"How's she going to do that?" said Quinn. "I thought she was waiting for us back at the warehouse."

    Daniel shrugged, though he didn't suppose the gesture was visible in this light. "Pay records," he said. He'd worked with Adele long enough to have an idea of her methods, though in truth it still seemed like magic to him. "Movement orders. The location of unit HQs coupled with their tables of organization."

    "She can do all that from the warehouse?" Quinn said. He sounded plaintive. "I thought she was just a signals officer."

    "She's a signals officer," Daniel said dryly. "But no, she's not only that."

    He switched his goggles to infrared; Pellegrinian equipment showed up as bright blotches on the cooler land. To see details he'd have had to raise the magnification higher than he could hold on target without engaging the stabilizer, but the four plasma cannon in pits near the shore were obvious. The psychological effect of plasma bolts would be as crushing to an assault as the bolts themselves–and those would blast any aircraft or troop-laden fishing boat into flaming debris.

    "Check with her now, Commander," Corius said. "It'd be helpful to know the numbers immediately. You do have a link, don't you?"

    "No sir," Daniel said. In strict honesty he did have a link, but he had absolutely no intention of using it for pointless chatter. "We'll have the data before we start the actual planning on our return, I'm sure."

    "The Rainha is beginning her approach," said a voice in Daniel's ear. He knew it was Adele speaking only because it had to be; compression and the distortion-correcting algorithms in the laser communicator stripped all the personality out of the words. They were at the very limit of line-of-sight communication here.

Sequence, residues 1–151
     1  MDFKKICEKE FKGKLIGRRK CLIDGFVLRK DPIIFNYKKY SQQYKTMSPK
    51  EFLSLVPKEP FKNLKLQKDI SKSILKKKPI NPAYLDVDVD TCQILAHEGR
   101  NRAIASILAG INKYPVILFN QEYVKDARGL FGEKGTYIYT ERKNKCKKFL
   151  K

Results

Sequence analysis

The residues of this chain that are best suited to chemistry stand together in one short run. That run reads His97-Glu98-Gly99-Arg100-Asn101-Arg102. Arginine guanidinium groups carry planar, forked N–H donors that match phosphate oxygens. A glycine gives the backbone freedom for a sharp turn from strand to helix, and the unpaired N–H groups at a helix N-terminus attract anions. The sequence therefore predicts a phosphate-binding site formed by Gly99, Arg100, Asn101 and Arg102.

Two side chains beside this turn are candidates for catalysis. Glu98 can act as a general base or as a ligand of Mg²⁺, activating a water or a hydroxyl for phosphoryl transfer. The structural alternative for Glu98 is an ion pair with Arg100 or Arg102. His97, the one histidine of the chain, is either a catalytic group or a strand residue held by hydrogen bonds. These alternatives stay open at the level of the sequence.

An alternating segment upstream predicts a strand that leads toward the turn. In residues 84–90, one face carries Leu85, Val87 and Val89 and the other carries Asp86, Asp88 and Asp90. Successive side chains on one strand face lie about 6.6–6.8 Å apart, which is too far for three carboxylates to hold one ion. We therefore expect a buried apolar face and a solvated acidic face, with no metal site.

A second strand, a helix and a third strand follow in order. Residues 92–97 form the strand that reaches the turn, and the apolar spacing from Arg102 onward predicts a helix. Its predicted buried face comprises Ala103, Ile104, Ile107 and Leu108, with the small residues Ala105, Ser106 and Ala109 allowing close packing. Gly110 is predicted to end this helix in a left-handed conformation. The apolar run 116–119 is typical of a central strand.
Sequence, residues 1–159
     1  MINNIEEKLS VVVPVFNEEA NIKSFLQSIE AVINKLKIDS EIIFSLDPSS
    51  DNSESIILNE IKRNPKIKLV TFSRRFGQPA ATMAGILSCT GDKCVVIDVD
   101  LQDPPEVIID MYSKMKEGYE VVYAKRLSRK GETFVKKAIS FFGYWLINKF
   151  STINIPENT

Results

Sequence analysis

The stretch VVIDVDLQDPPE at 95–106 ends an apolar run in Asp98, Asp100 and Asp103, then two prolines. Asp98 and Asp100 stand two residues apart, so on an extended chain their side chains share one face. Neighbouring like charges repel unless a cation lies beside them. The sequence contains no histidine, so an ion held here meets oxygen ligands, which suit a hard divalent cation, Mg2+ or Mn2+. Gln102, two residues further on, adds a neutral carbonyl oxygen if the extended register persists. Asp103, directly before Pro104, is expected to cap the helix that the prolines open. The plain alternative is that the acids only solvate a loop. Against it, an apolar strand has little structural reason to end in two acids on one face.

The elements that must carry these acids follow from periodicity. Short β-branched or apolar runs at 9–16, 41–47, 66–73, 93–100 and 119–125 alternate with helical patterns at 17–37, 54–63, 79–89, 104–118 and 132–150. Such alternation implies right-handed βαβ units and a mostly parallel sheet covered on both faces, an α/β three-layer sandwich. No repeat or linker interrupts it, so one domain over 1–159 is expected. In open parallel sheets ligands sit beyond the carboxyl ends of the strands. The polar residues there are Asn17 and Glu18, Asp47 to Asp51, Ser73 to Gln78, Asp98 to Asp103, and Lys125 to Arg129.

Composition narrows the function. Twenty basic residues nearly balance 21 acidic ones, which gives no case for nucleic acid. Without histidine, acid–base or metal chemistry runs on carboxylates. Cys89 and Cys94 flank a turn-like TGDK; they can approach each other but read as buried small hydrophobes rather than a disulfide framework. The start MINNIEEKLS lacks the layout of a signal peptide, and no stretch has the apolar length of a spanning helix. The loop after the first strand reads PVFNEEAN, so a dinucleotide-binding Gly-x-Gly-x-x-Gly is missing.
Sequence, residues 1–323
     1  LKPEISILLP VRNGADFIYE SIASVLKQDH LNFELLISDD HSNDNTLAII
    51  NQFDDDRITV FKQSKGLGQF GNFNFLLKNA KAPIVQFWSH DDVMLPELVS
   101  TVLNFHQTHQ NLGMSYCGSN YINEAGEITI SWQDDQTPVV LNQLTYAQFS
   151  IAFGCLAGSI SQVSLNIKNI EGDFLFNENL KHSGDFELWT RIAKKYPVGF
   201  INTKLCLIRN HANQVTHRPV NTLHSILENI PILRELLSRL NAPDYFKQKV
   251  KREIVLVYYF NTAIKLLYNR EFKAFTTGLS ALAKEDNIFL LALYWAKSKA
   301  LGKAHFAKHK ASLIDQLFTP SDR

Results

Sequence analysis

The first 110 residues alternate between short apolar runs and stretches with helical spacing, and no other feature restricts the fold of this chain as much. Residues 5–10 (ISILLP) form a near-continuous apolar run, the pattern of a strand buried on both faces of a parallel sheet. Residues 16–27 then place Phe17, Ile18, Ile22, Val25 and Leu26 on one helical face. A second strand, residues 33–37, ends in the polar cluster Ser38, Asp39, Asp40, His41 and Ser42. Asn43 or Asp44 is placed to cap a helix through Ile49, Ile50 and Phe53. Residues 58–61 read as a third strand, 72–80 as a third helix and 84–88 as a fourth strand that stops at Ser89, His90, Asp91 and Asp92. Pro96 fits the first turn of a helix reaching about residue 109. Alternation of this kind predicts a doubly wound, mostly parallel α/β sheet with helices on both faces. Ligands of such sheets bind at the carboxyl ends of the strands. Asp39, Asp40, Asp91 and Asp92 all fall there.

Daniel picked out the shimmer of plasma thrusters in the western sky. The ship was still high enough that the atmosphere blocked the dangerous actinics, so the goggle filters didn't deploy.

    He bent forward and said, "The Rainha's coming in. If we can get closer to the island, I'd like a good view of their landing procedures."

    He'd been speaking to Corius, expecting him to relay the instruction to Fallert if he approved it, but the reptileman was apparently able to hear better over the fans than a human could. Daniel felt the direction of thrust shift as the aircar swung slowly toward the island.

    The distant ship's thrumming vibrated the night even over the car's intake whine. The flare of ionized atoms returning to their normal state was first brighter than any star, then brighter than the small moon. It continued to increase. Daniel's goggles dimmed the discharge, but a ghost of the thrusters' rainbow aura remained.